Svetlana Atenzon 8 min read

Speech Therapy For Adults After a Stroke and Tips on What You Can Do at Home

Better Speech online speech therapy for adults works with patients and caregivers for comfortable and quick improvement.

Speech Therapy for Adults

Recovering from a stroke is a dynamic, and often a challenging process. While rehabilitation after a stroke can help people get back some or all of their skills over time, numerous factors play a part in that recovery. Repetition, practice, and support from family, friends, and caregivers are all important. Speech therapy for adults at home after a stroke can also aid in that recovery.

Speech therapists specialize in communication, but caregivers play a huge role in helping their loved ones who are trying to regain their skills in speech therapy for adults. Better Speech online speech language pathologists collaborate with both the patient and the caregivers, from the beginning to the end for the speech therapy for adults, to help recovery happen as quickly as possible.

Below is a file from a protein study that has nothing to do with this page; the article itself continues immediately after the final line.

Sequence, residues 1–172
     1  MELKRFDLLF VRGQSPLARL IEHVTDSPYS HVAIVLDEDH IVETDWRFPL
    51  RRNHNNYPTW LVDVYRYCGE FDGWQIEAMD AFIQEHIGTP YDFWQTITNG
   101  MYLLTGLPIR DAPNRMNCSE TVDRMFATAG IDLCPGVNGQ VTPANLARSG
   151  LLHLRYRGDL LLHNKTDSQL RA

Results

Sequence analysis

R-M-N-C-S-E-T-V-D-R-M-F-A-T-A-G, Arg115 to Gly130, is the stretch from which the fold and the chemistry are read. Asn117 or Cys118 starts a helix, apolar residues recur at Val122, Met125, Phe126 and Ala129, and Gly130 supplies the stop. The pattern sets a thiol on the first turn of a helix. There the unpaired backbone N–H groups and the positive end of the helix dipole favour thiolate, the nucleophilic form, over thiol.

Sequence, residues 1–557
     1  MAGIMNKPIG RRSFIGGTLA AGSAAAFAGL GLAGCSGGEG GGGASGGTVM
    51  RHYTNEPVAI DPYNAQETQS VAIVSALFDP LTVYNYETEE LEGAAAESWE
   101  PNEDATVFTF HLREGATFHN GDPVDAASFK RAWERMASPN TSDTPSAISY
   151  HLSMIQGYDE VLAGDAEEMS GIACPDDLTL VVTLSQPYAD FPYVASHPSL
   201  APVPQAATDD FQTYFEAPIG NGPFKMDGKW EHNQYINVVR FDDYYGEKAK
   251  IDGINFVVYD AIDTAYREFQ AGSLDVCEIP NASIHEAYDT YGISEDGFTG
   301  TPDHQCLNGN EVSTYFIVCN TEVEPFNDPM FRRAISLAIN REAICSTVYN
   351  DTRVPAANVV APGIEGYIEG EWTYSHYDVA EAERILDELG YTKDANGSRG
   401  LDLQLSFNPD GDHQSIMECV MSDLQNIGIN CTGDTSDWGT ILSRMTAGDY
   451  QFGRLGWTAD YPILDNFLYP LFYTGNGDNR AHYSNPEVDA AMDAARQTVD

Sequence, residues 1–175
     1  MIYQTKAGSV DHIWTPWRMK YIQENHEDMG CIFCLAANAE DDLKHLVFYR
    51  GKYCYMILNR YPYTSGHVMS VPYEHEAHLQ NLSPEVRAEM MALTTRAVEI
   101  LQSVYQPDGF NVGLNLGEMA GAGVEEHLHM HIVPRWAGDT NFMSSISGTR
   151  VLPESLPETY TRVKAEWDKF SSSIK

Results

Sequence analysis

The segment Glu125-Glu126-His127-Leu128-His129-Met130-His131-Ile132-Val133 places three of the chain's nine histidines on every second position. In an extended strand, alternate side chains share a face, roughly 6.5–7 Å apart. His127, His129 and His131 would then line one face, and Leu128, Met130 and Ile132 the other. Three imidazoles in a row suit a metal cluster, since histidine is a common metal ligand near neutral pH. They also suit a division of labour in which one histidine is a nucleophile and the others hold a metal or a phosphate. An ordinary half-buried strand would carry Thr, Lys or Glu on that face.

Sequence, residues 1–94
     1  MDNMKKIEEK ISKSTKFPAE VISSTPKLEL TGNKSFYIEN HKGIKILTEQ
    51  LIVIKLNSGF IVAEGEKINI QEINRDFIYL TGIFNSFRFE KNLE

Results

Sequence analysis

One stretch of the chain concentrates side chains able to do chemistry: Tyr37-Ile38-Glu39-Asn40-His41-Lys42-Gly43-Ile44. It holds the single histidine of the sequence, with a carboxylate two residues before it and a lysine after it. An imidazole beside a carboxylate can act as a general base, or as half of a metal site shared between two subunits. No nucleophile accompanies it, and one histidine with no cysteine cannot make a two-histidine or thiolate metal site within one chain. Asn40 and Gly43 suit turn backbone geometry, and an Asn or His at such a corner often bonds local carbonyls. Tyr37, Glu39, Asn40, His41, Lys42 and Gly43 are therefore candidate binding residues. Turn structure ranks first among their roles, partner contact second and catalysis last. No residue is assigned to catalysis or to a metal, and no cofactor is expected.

A Stroke can Impair Speech, as well as Damage Communication Skills

Every patient is affected by a stroke differently and has needs and requirements that are unique to their own life. The type of language impairment from a stroke depends on which part of the brain has been affected by the stroke.

The most common impairments include the three below:

  • Speech motor skills (apraxia, dysarthria)
  • Language – the ability to understand or produce language (aphasia)
  • Thinking and memory

At times, a combination of two, or even all three of these problems, can be evident. We can further breakdown and understand how a stroke can affect these three primary areas of communication in the following way:

  1. Speech Motor Skills.
    1. Apraxia of speech.
    • When someone is suffering from Apraxia of Speech, they often report knowing what they want to say, but have trouble getting the words out entirely.
    • Or, they might experience a challenge in making or maintaining all the sounds and syllables in those words.
    • Sometimes a different word comes than what was intended. This can happen when the speaking skills of word retrieval and word finding are impaired.

      2. Dysarthria.